South African Economy

1894 Words Apr 30th, 2013 8 Pages
From the days of Apartheid, to the times of today, South Africa has relied on foreign capital inflow for the purpose of sustaining high levels of growth through investment in the various sectors of the country. This great reliance on foreign investment has made South Africa vulnerable to fluctuations in the exchange rate and other global conditions.
This essay will discuss the extent to which South Africa is reliant on foreign capital, reasons why this is so and the nature of these inflows. Exchange rate issues will also be discussed, with detail of how South Africa combated these issues in the various years that they arouse. Finally, methods on how South Africa can reduce its vulnerability to such fluctuations will be made apparent.
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This meant a flight to safer havens such as United States commodities occurred.
* Foreign Exchange Market intervention
* In 1998 and 1996 as well, the South African Reserve Bank had heavily intervened in the foreign exchange market. These ventures resulted in net losses of $10 billion (8% GDP) and $14 billion (10% GDP) respectively. The capital for these ventures was acquired in the forward market, thus compromising SARB’s Net Open Forward position.
* Mboweni Bump
* 1998 saw the end term for the Governor of the Reserve Bank. The potential that Tito Mboweni might have left the position created doubt for South Africa and the Rand. (Saayman, 2007:1)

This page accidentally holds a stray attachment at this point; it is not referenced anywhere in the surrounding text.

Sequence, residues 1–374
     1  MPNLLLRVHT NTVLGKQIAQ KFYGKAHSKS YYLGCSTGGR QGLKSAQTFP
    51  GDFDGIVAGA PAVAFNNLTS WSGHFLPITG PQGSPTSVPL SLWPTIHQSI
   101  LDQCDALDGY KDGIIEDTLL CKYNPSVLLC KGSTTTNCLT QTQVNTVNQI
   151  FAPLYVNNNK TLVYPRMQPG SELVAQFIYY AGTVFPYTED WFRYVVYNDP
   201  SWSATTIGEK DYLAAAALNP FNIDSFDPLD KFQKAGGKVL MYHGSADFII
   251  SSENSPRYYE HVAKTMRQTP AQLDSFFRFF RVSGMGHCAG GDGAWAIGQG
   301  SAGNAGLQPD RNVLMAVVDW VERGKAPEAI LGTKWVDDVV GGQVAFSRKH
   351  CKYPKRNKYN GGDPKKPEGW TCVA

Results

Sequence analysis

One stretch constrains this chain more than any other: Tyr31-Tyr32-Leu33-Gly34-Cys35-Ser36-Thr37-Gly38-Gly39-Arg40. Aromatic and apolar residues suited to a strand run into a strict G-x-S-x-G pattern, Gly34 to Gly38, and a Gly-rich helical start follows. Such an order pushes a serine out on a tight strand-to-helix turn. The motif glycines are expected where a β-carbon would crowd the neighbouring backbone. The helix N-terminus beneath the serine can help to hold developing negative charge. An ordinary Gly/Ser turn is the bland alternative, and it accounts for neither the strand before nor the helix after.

To try and counter this currency depreciation, the Reserve Bank believed that this depreciation was a temporary reaction to rumours of divisions within the government so they sold off massive amount of its foreign reserves (Diamond, Manning, Vasquez and Whitaker, 2003: 2). The Asia crisis, coupled by SA’s own currency issues led the exchange rate crisis. “The authorities reacted by intervention in reserves and then through raising of interest rates to stimulate growth. The policies implemented in 1998 did not solve the crisis but merely slowed down the process and created a false image. Yes the country did benefit through an increase in investment due to higher interest rates
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